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Our team provides decades of experience as expert psychologists and trial lawyers.

We help you select the services that will have the most impact on your case and ensure the insights gathered are clear and shared in a way that can be implemented at trial.

Our Team
Our Team

Camillus Trial Consulting was founded by Dr. Courtney Camillus, a psychologist, and John Camillus, a trial attorney, to assist attorneys in preparing their cases in a manner that maximizes the likelihood of successful trial results.  


Our goal is to help you be successful in trial.  We look forward to discussing your unique matter and finding ways to ensure your case is presented as effectively as possible in the courtroom.  We offer a variety of services to achieve that goal:

  • Focus Groups

  • Mock Trials

  • Theme Development

  • Witness Preparation

  • Jury Selection

  • Shadow Juries

  • Administration Assistance

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Empirical Trial Strategies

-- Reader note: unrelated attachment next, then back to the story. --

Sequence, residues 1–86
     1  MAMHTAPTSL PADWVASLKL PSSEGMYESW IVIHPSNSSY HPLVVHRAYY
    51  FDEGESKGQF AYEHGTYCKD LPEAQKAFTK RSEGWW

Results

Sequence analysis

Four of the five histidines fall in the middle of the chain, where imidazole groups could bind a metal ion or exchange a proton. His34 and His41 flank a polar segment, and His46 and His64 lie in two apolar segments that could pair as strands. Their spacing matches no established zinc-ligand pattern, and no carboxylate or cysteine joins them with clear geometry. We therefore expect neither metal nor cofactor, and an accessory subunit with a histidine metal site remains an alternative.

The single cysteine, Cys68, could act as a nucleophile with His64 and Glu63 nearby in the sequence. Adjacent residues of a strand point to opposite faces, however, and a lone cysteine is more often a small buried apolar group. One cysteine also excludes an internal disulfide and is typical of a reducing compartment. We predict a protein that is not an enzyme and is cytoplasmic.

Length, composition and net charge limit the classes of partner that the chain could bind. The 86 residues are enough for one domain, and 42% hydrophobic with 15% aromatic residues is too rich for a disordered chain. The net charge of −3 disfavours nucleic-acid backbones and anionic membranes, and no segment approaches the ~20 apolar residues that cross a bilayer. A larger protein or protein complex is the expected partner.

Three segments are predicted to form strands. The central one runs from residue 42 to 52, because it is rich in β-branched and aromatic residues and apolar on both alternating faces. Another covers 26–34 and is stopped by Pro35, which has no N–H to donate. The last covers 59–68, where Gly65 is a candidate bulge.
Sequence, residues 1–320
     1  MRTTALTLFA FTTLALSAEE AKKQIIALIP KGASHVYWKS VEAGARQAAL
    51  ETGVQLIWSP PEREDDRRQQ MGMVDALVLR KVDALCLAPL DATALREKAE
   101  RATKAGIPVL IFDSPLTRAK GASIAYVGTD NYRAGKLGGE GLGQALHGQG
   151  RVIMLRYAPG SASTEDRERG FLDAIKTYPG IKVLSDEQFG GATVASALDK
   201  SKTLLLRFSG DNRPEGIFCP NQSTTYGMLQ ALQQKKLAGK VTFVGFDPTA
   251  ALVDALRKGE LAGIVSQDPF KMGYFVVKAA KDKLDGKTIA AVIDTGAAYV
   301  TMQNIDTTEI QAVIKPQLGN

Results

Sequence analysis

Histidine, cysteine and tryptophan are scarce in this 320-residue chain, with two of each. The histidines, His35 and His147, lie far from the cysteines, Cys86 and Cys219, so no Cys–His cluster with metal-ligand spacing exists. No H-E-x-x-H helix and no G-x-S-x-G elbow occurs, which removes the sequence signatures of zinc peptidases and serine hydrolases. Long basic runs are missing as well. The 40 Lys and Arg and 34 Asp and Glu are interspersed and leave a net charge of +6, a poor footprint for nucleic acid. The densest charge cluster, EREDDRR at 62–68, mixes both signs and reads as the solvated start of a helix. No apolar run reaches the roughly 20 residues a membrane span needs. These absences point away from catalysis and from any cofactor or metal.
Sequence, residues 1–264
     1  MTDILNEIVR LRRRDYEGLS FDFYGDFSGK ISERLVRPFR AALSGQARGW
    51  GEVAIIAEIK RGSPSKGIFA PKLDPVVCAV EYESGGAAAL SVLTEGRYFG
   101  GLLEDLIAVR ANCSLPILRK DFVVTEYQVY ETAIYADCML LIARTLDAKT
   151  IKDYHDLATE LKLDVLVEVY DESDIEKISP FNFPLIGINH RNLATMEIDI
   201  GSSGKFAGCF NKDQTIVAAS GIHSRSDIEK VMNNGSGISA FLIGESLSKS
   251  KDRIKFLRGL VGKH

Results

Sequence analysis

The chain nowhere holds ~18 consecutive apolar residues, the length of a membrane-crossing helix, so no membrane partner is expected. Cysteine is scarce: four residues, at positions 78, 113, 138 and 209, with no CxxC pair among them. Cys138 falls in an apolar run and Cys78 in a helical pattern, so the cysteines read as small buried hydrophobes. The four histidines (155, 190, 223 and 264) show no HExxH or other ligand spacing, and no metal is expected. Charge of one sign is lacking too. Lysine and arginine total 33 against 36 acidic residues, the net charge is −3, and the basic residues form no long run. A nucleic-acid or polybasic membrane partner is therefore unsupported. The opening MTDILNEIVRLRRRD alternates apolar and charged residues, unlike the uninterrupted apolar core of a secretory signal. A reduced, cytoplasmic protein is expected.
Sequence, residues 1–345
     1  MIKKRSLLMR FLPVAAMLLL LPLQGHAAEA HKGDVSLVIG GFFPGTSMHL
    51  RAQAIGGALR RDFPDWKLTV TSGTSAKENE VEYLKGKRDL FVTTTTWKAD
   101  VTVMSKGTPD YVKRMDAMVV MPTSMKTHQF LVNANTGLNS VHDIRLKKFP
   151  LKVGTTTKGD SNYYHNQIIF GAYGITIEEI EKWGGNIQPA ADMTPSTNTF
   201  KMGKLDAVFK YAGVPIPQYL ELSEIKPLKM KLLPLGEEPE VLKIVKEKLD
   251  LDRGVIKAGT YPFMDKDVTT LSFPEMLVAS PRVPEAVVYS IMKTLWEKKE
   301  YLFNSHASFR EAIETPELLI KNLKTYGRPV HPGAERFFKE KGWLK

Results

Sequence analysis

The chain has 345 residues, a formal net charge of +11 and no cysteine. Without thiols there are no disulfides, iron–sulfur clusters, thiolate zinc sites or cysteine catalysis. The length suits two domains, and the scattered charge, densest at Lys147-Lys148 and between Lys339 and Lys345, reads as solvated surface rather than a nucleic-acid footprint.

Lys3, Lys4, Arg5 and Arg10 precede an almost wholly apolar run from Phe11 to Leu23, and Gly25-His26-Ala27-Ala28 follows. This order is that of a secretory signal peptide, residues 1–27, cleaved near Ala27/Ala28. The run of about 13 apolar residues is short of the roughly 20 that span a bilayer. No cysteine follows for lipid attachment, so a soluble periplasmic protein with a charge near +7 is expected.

Our core belief is that the questions that lawyers have about how to best try a given case – Are female jurors likely to sympathize with, or be tougher on, my female client?  Should I mention the amount that I want the jury to award in damages during voir dire?  Will I score points or lose points with an aggressive cross-examination of a particular witness? – can be answered empirically.  We believe that, when deciding on a trial approach, too many attorneys go with a hunch to answer these types of questions, rather than engaging in testing to actually figure out the right answer.  We help attorneys figure it out. 

The best lawyers recognize that they don't think like jurors.  The number one trial mistake that lawyers make is to try a case that appeals to themselves (as lawyers), rather than to try a case that appeals to the jury (of non-lawyers).  The number one trial preparation mistake that lawyers make is failing to test how to make the case appeal to non-lawyers.  Doctors should not prescribe medications to treat diseases until those medications have been tested to make sure that they work.  Engineers don’t design a bridge using a material until it has been tested to make sure that it is strong enough.  Likewise, lawyers should not try cases without testing to know how their evidence and arguments will be received. 

Our firm understands the importance of conducting focus groups and mock trials to enable attorneys to figure out, empirically, the best possible way to persuade lay jurors at trial – to get inside the mind of the jury.

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